50,000 Hours And Still Climbing

After 50,000 plus hours, I became the first African American woman who is a Nurse Practitioner to receive The Dallas Minority Business Award in the State of Texas and yet it took a team to sustain my marriage to entrepreneurship.
Many ask the question, “how did you even get here in such a short amount of time?” I respond by saying, “I just started. Ask me, how have you sustained?” In reflection of the countless hours, long days and long nights, networking, workshops, the many books read, mentorship meetings, researching, planning, financial courses, getting licenses and permits, learning the business accounting system and do not forget you have to actually sleep, maintain your own life, bills and so much more…asking that question may scare you away from proposing to your dream.

To begin is but the easiest thing to do; to sustain is an obstacle but overcoming the highs and lows of entrepreneurship is but a reward.
“Taaka take $1000.00 dollars and start a business. I don’t care what you call it but put your talents to use” from the words of my noble mentor Dr. Robert Strayhan, Privy Oasis, LLC was formed on May 20, 2013.

I put my plan into action less than twelve months later.
Unbeknownst to me, my mentor was asking me to take my dream out on a date. I learned that you have to court your dreams. Have a relationship with your future. Become engaged to your vision, love your mission and marry your purpose. Sustaining what you create as an entrepreneur requires a commitment. Your efforts dictate the outcome of this marriage. When you first start a business, you never know which direction you or the business will go from one day to the next. You have no idea where the money will come from or how you are going to do it alone. I can recall in the very beginning, early mornings and late nights at my kitchen table creating a solid business plan. Through trial and error this business plan developed and changed over time. As I learned, I had to adjust. I would have “meetings of the minds” at my home with friends and colleagues. We would brainstorm over our individual business ideas, where we wanted to go and what we wanted to do. I recall at one of these meetings, I asked my friends “do you want in now?” I didn’t think of money, I didn’t think of time, I didn’t even consider the rigor, I just knew those sitting before me were qualified and that I believed in them.

In hindsight, I laugh.
It takes more than just being qualified and believing in someone to sustain the marriage of business. This entrepreneurial alliance was going take some work. Most take out loans to start a business, I did not. Not because I didn’t think about doing that, I knew that I would have to pay that money back. The first six months, I chose to work while building my practice and gave myself a hard date of Dec 31, 2014 to transition from a traditional job to full-time entrepreneurship. I could no longer cheat on my purpose with my vision. Although my vision (traditional job) was my investor for my purpose (building a company) at that time. I had fulfilled what I went to school to do and now it was time for me to hone in on my purpose. This hard date was vital because I knew that I would never make the type of impact that I wanted to make working for someone else so I stuck to it.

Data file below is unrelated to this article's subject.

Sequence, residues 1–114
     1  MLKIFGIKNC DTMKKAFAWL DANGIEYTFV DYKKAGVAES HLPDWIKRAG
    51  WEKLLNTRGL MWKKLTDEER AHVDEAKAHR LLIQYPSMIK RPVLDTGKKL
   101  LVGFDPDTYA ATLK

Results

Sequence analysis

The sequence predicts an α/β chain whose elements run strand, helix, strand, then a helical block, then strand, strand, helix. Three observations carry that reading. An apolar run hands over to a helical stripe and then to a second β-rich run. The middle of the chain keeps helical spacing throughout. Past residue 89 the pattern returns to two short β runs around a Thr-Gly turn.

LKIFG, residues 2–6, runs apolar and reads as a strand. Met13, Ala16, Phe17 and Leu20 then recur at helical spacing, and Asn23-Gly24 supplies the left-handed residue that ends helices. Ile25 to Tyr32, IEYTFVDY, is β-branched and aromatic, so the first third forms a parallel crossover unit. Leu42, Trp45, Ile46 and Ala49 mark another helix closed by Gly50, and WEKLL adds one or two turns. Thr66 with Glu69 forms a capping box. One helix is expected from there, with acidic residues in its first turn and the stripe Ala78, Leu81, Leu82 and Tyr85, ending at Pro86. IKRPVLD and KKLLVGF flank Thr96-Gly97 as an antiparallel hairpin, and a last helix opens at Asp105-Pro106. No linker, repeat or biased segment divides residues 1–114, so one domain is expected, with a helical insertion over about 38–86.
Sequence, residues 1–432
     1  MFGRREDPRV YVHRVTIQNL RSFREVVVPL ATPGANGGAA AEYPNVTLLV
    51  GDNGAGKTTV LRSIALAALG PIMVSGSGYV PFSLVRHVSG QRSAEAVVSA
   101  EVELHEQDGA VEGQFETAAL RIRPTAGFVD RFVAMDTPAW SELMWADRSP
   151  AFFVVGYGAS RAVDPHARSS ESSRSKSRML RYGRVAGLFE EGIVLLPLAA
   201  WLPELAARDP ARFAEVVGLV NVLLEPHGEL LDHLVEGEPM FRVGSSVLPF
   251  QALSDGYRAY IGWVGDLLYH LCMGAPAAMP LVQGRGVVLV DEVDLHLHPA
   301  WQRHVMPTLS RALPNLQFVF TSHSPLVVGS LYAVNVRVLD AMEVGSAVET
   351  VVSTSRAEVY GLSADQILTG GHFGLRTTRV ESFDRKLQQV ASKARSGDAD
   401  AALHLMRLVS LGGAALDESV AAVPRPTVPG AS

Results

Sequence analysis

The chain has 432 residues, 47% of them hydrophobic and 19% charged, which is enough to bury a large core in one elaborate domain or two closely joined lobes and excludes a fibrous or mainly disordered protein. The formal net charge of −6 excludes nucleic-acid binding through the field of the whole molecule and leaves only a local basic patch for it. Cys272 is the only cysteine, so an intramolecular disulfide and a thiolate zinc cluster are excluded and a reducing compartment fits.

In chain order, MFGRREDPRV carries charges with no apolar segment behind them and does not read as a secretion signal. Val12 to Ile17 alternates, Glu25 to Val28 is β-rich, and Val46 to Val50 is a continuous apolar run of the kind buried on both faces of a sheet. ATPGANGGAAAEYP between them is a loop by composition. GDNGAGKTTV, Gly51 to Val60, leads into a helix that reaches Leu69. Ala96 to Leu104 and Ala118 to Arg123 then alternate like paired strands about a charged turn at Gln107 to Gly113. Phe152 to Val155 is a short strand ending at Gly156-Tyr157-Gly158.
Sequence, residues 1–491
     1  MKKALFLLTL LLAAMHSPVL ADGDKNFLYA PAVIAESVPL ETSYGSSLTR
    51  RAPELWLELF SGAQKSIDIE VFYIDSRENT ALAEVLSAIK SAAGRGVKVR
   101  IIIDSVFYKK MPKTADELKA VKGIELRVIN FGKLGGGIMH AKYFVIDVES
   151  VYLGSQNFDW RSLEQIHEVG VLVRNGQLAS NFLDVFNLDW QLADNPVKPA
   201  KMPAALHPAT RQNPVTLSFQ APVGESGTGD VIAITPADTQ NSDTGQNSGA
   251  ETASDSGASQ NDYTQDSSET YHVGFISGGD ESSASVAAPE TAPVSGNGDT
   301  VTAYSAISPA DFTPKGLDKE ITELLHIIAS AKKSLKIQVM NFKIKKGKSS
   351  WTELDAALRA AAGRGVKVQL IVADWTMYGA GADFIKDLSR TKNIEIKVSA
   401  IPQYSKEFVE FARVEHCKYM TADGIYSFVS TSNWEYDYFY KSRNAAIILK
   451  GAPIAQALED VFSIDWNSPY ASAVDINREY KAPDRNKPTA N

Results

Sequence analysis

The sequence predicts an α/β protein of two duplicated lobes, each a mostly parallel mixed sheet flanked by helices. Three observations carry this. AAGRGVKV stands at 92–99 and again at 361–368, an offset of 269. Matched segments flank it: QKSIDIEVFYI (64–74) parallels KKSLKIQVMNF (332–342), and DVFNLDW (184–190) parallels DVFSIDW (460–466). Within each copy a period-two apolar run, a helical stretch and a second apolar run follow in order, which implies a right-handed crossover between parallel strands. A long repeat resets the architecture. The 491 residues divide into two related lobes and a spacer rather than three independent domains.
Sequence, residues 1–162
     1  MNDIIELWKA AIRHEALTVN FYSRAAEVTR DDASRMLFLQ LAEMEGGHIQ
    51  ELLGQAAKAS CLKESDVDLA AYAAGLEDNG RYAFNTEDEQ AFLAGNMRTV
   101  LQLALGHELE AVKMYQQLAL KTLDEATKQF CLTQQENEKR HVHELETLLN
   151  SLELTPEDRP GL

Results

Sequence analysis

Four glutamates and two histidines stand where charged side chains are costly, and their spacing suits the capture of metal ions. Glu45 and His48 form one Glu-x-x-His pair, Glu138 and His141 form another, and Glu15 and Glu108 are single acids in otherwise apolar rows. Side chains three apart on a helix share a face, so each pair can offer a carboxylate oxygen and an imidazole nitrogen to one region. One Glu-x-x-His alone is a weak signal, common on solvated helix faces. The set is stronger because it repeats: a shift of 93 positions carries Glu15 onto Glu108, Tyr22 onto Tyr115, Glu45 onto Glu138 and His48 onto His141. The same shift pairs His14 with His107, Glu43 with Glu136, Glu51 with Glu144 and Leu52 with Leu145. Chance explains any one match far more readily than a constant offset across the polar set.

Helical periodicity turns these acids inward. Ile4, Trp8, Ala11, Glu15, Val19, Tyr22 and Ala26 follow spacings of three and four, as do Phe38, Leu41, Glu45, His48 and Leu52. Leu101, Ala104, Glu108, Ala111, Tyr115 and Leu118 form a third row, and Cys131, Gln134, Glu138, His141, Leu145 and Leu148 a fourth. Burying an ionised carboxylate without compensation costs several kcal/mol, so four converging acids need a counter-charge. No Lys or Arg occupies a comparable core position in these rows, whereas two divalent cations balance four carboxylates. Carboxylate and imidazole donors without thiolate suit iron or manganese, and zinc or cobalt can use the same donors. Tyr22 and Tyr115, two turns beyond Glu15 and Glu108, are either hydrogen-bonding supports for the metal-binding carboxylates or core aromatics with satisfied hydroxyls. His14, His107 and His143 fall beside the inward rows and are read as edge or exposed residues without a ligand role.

I took the leap.
I don’t recall ever being scared in the beginning. You have to be obsessed, oppressively constant and incessant on your vision. You have to be so bullheaded with your vision that you see no road blocks; you see no obstacles; you see no end. For me, that’s how I progressed, maintained and sustained. I realized there were no outs, just more levels to attain. I was falling in love with the ladder of what I committed to and on this ladder no one was spotting me. If I fall or if I fail, I have no choice but to get up and start climbing again.

Through the process, I don’t recall ever wanting to quit.
My vision was my next paycheck. When you have a purpose that pays nothing but fulfillment, how could you even think of quitting when you have only just begun? Just like in any relationship, you have to be cautious but like marriage, this was a business. I was learning what it looked like to become an investor of creation. “How much money have you made?” is a question I often get. I literally despise this question. What you are essentially asking me is, in my marriage with entrepreneurship, my purpose, “is it worth the risk?” Similar to any relationship, you have to understand the risk, benefit and bump into your success. This is truth: being committed to entrepreneurship and figuring out your recipe for success before you can even think of reaping a financial reward.

Here are some tips that worked for me.

• Trust your intuition
• Save your profits
• Fail forward – failures are an opportunity to learn
• Be careful who you trust with your purpose and pour into those who helped you along the way.
• Fire those who do not bring value or support your vision. (read more)

You are your greatest investment.

When that check finally comes… no matter how big or how small… and your name is at the end of it, it is by far the best feeling in the world. Please understand, you are the last one to get paid. Even after roughly 5,000 hrs over a six month period, you are the last one to get paid and you may not receive a check. Being an entrepreneur is one of the hardest jobs you will ever have. Don’t allow money to drive you in your relationship with entrepreneurship. Let your will for your purpose be the fuel for your financial reward. I am not ready to divorce my dreams quite yet.

Even after 50,000 hours, you will still be climbing. I am still climbing.

Be Contagious With Change,

Dr. Taaka Cash, owner and founder
Privy Oasis, LLC